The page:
Funding Boost For Conservation Of WWI Facial Injury Portraits

By Marian Cleary | 07 May 2008
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pastel drawing of injured soldier

© The Royal College of Surgeons of England

An urgent conservation project to preserve portraits of facially disfigured World War I soldiers is to receive a funding boost with a £10,000 grant from the Museums Libraries and Archives Council (MLA).

The £42,000 project aims to conserve 72 pastel portraits drawn by Henry Tonks during his time working as a doctor with Harold Gillies’ facial reconstruction team at Cambridge and then at Sidcup during 1916 and 1917.

The grant is from the MLA’s Prism Fund, which is designed to help preserve material of industrial and scientific importance. It is hoped that this year’s grant will be matched next year with a further £10,000.

pastel drawing of a young injured soldier

The Royal College of Surgeons of England

Simon Chaplin, Director of the Hunterian Museum at the Royal College of Surgeons, Lincoln’s Inn Fields, London said: “This is a fantastic grant, however it’s a constant challenge for the College in that it invests a huge amount of money in its museum, its library and its archive just in running them.”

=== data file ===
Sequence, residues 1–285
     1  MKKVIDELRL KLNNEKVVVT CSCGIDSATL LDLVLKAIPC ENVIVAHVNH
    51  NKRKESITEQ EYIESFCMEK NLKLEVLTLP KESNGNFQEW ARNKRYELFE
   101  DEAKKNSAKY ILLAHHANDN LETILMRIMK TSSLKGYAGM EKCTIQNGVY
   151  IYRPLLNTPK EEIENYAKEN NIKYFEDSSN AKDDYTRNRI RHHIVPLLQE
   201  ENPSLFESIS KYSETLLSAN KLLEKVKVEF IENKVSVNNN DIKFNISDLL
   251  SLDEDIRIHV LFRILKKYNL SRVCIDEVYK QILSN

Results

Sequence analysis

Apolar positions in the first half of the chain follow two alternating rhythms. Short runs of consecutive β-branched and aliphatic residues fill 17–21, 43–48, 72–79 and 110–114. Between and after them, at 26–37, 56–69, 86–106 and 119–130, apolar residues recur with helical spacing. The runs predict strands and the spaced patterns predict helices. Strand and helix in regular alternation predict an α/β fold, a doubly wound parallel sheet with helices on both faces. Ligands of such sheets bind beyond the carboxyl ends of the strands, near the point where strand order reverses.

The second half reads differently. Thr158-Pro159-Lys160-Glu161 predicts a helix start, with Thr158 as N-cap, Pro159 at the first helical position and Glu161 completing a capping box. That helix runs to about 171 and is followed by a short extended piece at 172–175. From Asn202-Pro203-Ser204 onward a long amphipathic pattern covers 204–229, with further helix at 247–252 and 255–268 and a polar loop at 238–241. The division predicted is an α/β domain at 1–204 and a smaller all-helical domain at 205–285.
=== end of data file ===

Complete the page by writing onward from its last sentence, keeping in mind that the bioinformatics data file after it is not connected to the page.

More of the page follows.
The College also has sizeable commitments to its surgical training, and is now seeking further grants and public donations towards the project.

“The fact the College runs a free public museum is a great testament to its regard for heritage,” explained Simon, “but we are raising money for education projects for a new Surgical Skills Centre and that has to be a priority.”

pastel drawing of an injured soldier

The Royal College of Surgeons of England

It is hoped the first pictures to be conserved will be exhibited at The Hunterian in the Autumn.

Henry Tonks’ work as a surgeon and artist during World War I is to figure prominently in Pat Barker’s next novel, a sequel to 'Life Class', set at Slade School of Art where Tonks was teacher and then principal.

The images can be seen via the Royal College of Surgeons' online catalogue

Simon Chaplin can be contacted at the Hunterian Museum regarding the pictures and the conservation project.

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